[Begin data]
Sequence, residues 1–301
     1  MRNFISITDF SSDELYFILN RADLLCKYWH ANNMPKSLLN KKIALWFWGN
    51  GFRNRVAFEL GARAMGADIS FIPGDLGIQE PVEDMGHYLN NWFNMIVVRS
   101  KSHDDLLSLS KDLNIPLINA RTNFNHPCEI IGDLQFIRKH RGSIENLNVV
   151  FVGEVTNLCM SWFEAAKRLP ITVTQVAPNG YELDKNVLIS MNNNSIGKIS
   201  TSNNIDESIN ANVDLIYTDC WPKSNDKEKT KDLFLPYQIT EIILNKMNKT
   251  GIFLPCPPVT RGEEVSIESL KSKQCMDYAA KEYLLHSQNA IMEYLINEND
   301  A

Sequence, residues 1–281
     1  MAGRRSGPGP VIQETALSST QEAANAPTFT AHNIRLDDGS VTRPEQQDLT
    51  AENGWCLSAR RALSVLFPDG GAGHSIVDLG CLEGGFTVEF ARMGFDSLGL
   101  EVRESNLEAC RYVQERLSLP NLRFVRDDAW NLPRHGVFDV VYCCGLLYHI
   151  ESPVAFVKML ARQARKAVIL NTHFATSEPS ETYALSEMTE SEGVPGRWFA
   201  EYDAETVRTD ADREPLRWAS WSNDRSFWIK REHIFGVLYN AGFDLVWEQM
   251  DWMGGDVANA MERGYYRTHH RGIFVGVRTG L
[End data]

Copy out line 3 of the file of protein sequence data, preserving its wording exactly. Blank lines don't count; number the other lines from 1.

    51  GFRNRVAFEL GARAMGADIS FIPGDLGIQE PVEDMGHYLN NWFNMIVVRS